• 178. 160 CHAPTER 15: Dealing with Threads Override one or more AsyncTask methods to accomplish the background work, plus whatever work associated with the task that needs to be done on the UI thread (e.g., update progress). When needed, create an instance of the AsyncTask subclass and call execute() to have it begin doing its work. What you do not need to do is: Create your own background thread. Terminate that background thread at an appropriate time. Call all sorts of methods to arrange for bits of processing to be done on the UI thread. AsyncTask, Generics, and Varargs Creating a subclass of AsyncTask is not quite as easy as, say, implementing the Runnable interface. AsyncTask uses generics, and so you need to specify three data types: The type of information that is needed to process the task (e.g., URLs to download) The type of information that is passed within the task to indicate progress The type of information that is passed when the task is completed to the post-task code What makes this all the more confusing is that the first two data types are actually used as varargs, meaning that an array of these types is used within your AsyncTask subclass. This should become clearer as we work our way toward an example. The Stages of AsyncTask There are four methods you can override in AsyncTask to accomplish your ends. The one you must override, for the task class to be useful, is doInBackground(). This will be called by AsyncTask on a background thread. It can run as long as necessary in order to accomplish whatever work needs to be done for this specific task. Note, though, that tasks are meant to be finite; using AsyncTask for an infinite loop is not recommended. The doInBackground() method will receive, as parameters, a varargs array of the first of the three data types listed in the preceding section—the data needed to process the task. So, if your task’s mission is to download a collection of URLs, doInBackground() will receive those URLs to process. The doInBackground() method must return a value of the third data type listed—the result of the background work.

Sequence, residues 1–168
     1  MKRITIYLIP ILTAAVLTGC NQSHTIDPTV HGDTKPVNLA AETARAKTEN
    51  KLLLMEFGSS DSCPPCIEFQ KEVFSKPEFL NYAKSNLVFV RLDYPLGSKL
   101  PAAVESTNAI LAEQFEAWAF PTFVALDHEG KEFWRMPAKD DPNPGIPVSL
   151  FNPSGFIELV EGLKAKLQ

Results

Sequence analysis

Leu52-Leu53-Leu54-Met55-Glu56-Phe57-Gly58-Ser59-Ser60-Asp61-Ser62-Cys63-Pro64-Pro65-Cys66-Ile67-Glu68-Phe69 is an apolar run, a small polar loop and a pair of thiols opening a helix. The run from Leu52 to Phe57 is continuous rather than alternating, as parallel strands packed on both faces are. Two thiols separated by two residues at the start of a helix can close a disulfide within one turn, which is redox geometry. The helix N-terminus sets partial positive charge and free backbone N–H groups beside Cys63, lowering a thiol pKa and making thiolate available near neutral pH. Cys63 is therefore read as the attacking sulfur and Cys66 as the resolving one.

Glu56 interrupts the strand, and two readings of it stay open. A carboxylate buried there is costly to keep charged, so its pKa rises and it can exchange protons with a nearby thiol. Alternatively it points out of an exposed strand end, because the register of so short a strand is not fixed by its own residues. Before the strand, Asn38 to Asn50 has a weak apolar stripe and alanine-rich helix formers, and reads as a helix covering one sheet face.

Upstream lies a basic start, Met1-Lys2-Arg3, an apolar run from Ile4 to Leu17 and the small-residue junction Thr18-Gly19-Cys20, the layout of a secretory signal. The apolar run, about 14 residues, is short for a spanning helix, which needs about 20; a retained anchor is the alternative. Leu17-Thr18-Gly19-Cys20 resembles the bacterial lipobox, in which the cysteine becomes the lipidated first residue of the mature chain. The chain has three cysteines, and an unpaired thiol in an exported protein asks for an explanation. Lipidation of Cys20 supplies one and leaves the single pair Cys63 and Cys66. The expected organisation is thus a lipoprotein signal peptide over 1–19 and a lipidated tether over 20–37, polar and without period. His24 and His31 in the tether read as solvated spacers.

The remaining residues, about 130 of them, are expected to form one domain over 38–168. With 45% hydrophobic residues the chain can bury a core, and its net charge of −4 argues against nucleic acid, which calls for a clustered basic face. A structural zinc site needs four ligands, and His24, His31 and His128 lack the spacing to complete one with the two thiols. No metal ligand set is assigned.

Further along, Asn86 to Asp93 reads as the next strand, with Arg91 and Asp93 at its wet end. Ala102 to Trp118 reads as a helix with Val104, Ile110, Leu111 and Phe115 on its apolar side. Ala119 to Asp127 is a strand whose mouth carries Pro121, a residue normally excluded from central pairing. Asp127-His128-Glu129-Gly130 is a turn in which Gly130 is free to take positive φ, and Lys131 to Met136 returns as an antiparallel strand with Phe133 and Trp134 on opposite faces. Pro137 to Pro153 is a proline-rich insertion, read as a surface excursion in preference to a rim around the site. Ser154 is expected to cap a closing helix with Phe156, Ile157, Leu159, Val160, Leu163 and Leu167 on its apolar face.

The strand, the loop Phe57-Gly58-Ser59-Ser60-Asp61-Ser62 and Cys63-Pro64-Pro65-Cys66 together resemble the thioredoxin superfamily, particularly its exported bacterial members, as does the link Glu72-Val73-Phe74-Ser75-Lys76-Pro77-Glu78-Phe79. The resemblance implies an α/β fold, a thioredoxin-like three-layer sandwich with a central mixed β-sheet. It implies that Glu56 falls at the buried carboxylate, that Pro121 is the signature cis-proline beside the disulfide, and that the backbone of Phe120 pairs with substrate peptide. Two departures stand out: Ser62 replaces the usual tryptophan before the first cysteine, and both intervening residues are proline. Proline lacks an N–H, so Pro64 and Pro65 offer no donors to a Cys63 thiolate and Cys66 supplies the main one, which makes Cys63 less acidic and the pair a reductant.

• 179. CHAPTER 15: Dealing with Threads 161You may wish to override onPreExecute(). This method is called, from the UI thread,before the background thread executes doInBackground(). Here, you might initialize aProgressBar or otherwise indicate that background work is commencing.Also, you may wish to override onPostExecute(). This method is called, from the UIthread, after doInBackground() completes. It receives, as a parameter, the valuereturned by doInBackground() (e.g., success or failure flag). Here, you might dismiss theProgressBar and make use of the work done in the background, such as updating thecontents of a list.In addition, you may wish to override onProgressUpdate(). If doInBackground() calls thetask’s publishProgress() method, the object(s) passed to that method are provided toonProgressUpdate(), but in the UI thread. That way, onProgressUpdate() can alert theuser as to the progress that has been made on the background work, such as updatinga ProgressBar or continuing an animation. The onProgressUpdate() method will receivea varargs of the second data type from the list in the preceding section—the datapublished by doInBackground() via publishProgress().A Sample TaskAs mentioned earlier, implementing an AsyncTask is not quite as easy as implementing aRunnable. However, once you get past the generics and varargs, it is not too bad.For example, the following is an implementation of a ListActivity that uses anAsyncTask, from the Threads/Asyncer sample project:package com.commonsware.android.async;import android.app.ListActivity;import android.os.AsyncTask;import android.os.Bundle;import android.os.SystemClock;import android.widget.ArrayAdapter;import android.widget.Toast;import java.util.ArrayList;public class AsyncDemo extends ListActivity { private static String[] items={"lorem", "ipsum", "dolor", "sit", "amet", "consectetuer", "adipiscing", "elit", "morbi", "vel", "ligula", "vitae", "arcu", "aliquet", "mollis", "etiam", "vel", "erat", "placerat", "ante", "porttitor", "sodales", "pellentesque", "augue", "purus"}; @Override public void onCreate(Bundle savedInstanceState) { super.onCreate(savedInstanceState); setContentView(R.layout.main); setListAdapter(new ArrayAdapter<String>(this, android.R.layout.simple_list_item_1,